rules for competitive laundry sorting/folding

To begin, dump unsorted clean laundry on flat surface between players. Begin picking up items at the same time. Player with most folded items at the end wins. To make game more difficult, appoint different point values per category of clothing (pair of socks = 1, pants = 3, shirts = 5, etc.), or add and subtract points for neatness. To make things even more exciting, include items that require ironing.

Once game begins, players may pick up only one item of clothing at a time, fold it, and then add it to their pile to be counted once all items have been folded. In cases where more than one item is to be folded together, e.g. socks, player must retain first item until match can be made. If a player inadvertently picks up multiple items, they must all be folded and then given to player on their left.

Game ends when all items are folded.


Gosh, it's harder to write up game rules than I expected--there's probably at least one goof that I missed. Feel free to share any variations or improvements--this is just something I came up with this morning while folding my own laundry (alone, alas!).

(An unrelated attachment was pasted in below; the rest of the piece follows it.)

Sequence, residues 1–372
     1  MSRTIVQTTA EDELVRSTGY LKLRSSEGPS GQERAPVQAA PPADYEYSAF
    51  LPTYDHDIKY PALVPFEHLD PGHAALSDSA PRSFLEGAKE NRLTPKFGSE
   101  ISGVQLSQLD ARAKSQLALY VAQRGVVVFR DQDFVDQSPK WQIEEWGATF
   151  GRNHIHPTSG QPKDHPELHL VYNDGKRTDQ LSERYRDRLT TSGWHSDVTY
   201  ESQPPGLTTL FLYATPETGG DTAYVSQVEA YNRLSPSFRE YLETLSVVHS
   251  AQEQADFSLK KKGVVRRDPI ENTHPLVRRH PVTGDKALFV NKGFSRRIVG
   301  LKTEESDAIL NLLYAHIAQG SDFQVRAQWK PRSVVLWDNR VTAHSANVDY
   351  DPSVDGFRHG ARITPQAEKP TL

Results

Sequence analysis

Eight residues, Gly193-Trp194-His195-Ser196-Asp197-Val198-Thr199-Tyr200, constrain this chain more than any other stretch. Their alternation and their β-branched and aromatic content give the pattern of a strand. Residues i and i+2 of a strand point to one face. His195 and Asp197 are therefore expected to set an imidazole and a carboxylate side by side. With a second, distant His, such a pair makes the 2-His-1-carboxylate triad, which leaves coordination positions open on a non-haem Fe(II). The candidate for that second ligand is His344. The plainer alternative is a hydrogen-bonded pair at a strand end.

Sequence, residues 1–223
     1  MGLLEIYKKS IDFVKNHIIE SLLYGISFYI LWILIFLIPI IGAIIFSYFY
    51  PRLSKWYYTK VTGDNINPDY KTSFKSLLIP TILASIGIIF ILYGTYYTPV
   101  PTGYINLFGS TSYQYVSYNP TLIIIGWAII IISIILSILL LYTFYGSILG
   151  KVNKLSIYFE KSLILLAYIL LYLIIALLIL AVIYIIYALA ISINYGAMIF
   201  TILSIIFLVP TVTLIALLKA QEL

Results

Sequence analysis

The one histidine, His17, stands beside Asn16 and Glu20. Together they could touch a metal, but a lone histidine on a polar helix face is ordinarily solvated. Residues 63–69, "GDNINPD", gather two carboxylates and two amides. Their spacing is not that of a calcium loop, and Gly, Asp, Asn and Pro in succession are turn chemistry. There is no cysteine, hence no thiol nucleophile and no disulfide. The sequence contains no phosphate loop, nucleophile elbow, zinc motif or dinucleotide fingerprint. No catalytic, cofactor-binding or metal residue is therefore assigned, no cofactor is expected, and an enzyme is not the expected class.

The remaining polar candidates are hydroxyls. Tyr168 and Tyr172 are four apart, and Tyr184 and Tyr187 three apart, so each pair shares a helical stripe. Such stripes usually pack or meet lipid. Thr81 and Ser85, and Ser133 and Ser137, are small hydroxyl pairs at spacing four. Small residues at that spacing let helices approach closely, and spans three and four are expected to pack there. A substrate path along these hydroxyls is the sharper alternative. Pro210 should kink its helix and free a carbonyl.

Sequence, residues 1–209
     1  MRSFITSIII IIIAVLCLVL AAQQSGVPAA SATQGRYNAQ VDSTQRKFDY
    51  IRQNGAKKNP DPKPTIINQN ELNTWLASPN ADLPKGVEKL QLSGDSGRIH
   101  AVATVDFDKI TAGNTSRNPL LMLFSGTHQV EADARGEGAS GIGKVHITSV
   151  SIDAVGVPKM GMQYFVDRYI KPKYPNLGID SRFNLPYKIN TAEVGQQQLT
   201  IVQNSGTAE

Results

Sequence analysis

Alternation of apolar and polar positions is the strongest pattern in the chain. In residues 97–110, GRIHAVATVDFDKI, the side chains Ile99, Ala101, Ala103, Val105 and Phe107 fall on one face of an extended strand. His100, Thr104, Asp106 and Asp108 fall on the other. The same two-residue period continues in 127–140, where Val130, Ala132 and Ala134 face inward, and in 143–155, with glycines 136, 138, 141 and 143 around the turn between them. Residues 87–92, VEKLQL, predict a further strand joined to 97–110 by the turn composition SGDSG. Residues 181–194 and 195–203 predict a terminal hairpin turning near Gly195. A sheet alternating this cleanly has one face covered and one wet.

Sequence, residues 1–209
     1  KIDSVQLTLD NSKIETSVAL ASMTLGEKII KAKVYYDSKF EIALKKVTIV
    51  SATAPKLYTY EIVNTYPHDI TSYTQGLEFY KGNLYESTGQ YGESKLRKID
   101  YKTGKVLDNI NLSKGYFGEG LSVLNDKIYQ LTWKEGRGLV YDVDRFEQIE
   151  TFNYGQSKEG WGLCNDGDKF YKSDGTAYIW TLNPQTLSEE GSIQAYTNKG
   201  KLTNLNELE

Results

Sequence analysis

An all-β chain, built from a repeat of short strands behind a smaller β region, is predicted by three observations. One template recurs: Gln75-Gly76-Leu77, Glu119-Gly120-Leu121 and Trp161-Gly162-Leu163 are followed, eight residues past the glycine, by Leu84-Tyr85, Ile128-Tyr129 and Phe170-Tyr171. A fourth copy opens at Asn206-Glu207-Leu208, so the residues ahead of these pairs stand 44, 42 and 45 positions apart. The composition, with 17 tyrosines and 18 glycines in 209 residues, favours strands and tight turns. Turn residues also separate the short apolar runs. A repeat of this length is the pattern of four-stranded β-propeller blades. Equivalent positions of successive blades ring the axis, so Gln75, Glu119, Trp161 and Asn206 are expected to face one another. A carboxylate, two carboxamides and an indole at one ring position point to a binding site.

Here's the lazy person's way of getting laundry folded and winning by losing: start the game, start folding one piece, then pretend injury and watch other people fold everything. So you nominally lose, but actually win, because your laundry's been folded and you didn't have to do anything at all! This is probably not what you were aiming for though...:P

I was thinking as I wrote this up about how easy it would be to pick up only socks with hidden mates, so that again, you wind up doing pretty nearly nothing.

Although I think the other "players" would start to suspect if you did it with any frequency. :P
Great way to get the work done faster if you have people around. Can't really play that game while alone. Fun though!
Well, the solitaire version is basically don't pick up any item more than once, don't pick up more than one item at a time, and (if you're feeling ambitious), play against a timer.

Which is what I was doing when I came up with the rules for the competitive version (minus the timer, because I'm not ambitious). Definitely made the process more interesting and less tedious.